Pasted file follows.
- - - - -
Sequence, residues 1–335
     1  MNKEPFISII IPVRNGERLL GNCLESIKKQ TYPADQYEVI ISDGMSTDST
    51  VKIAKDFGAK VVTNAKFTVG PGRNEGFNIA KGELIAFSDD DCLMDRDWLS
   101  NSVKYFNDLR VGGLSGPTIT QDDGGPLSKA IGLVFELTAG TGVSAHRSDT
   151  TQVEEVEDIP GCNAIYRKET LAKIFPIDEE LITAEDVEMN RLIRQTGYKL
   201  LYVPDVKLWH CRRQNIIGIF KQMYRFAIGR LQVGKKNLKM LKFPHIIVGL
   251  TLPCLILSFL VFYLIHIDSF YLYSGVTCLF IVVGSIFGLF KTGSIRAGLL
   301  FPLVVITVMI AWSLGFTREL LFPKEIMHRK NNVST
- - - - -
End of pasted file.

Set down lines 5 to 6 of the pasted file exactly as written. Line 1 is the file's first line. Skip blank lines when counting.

   151  TQVEEVEDIP GCNAIYRKET LAKIFPIDEE LITAEDVEMN RLIRQTGYKL
   201  LYVPDVKLWH CRRQNIIGIF KQMYRFAIGR LQVGKKNLKM LKFPHIIVGL